Evaluation: able to build interesting combinations of calming sounds that can relax and centre your child’s mind.
** I’ve played with this quite a bit and find it relaxing

How much is too much?

In the very first spark* News (December 2017) I mentioned I was criticized for having a child doing handsprings on the cover of spark* and spark*EL. The criticism came from a parent of two children (now young adults) with autism. She said she didn’t want her children doing handsprings. I, in my sometimes less-than-tactful manner, said that I want kids on the spectrum to have times when they can let loose. I want them to know there are times when they can feel the joy of standing on their heads, kicking up their feet, yelling at the top of their lungs, flicking pieces of string, flapping their hands and fingers. Those are exciting and really enjoyable. Why would we want to squelch them?? Talk about joyless childhoods! 

Self-regulation is a limited thing. Your ‘self-regulation’ battery can keep going and but it will run out. Children just learning to self-regulate will find it even more draining. After working on self-regulation, children will mentally and physically tired. Their ability to self-regulate will drop off. They’ll develop the ‘grouchies’ and become more distractible. Researchers find this in everyone, not just children with autism.

So what can you do?

First of all, make sure the child C.A.N. self-regulate. We’ve talked in previous editions of spark* News about making sure children are Calm (the “C” in C.A.N.), Alert (the “A” in C.A.N) and nourished. Do a few moments of Turtle Breathing before you start. Make sure you’re asking children to practice self-regulation only when they’re well-rested and feeling okay. If they didn’t sleep well the night before or aren’t feeling well, you should either forget practicing self-regulation or do an activity that was successful before. Children’s brains and bodies need well-balanced diets to function (check the June 2018 spark* News for more information). So … this means you need to check if children C.A.N. self-regulate before starting. Teach children to check for themselves – “Am I calm? Is my brain alert and ready to work? Did I eat some good food?” Make a checklist for the children, like the one below, so they can check for themselves.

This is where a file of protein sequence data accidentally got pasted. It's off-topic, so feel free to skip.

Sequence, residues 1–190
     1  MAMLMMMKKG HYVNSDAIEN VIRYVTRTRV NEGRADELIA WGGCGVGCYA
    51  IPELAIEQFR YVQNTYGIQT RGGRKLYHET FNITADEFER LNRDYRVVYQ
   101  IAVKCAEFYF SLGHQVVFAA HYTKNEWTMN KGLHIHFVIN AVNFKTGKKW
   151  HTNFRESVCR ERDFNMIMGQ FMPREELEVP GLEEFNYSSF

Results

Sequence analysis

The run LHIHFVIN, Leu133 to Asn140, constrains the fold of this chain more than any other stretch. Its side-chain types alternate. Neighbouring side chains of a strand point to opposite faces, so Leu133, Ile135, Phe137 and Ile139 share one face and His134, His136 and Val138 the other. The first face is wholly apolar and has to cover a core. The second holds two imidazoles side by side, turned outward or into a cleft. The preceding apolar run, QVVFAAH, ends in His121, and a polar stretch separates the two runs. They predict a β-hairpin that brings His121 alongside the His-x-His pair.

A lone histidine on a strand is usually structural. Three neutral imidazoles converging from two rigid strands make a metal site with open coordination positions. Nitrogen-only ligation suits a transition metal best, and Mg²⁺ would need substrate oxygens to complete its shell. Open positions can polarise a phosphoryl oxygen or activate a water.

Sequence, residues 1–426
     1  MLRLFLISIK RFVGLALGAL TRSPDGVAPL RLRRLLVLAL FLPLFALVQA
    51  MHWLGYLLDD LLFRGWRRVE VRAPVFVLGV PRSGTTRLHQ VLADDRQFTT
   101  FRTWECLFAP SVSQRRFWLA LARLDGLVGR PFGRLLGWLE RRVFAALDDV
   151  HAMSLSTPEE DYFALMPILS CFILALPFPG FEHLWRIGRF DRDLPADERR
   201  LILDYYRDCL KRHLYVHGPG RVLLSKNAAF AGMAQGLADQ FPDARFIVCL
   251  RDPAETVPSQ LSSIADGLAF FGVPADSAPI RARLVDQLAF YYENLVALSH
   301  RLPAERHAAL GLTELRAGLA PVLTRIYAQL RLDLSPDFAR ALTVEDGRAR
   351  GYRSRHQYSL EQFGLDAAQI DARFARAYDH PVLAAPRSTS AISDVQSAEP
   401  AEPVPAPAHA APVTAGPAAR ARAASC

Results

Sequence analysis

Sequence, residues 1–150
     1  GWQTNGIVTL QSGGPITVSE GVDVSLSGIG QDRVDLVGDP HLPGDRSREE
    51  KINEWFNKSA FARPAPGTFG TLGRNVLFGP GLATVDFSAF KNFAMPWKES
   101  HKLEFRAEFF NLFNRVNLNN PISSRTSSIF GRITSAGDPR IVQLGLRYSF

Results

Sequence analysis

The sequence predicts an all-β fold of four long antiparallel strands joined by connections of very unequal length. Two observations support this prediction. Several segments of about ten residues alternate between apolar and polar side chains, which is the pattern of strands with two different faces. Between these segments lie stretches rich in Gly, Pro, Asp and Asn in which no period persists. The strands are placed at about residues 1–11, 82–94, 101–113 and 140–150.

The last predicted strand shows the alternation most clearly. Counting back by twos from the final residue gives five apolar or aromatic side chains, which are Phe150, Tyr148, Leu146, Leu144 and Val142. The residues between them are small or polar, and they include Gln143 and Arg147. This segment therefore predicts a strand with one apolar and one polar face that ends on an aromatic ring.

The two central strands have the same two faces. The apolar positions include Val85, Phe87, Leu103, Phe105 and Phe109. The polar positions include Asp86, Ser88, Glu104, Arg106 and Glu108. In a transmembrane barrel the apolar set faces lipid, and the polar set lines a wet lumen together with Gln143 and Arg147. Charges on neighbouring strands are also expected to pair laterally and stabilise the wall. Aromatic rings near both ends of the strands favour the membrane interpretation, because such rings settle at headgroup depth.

Second, use activities that include their areas of high interest. That can be computers, flags, clocks, maps, Thomas the Tank Engine … you name it. It’ll make practice more fun and enjoyable and they won’t fatigue as quickly. 

Third, don’t practice too long. I recommend working on new things for no more than two minutes for every year of the child’s age. That means, a two year old should practice no more than four minutes. And an eight year old should practice for no more than 16 minutes. You want to stop when children are still keen to do more. You can practice for longer periods once the children become stronger self-regulators. That is, their ‘self-regulation batteries’ expand their power limits.

Fourth, give every child times and places when they don’t have to self-regulate. They need to just be themselves and let loose. Select places where children can be un-regulated – the backyard/garden, the playground, bedroom, whatever works. Also, choose times when it’s okay. Post the rules so children know when they can release the brakes and do handsprings if they want.